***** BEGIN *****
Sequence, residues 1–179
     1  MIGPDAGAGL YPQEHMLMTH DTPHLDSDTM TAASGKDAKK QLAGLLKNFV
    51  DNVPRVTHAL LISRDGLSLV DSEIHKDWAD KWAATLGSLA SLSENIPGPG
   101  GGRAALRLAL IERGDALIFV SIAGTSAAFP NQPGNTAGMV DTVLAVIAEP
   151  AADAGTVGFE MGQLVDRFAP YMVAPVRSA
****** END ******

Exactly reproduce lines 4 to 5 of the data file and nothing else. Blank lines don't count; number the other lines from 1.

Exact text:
   101  GGRAALRLAL IERGDALIFV SIAGTSAAFP NQPGNTAGMV DTVLAVIAEP
   151  AADAGTVGFE MGQLVDRFAP YMVAPVRSA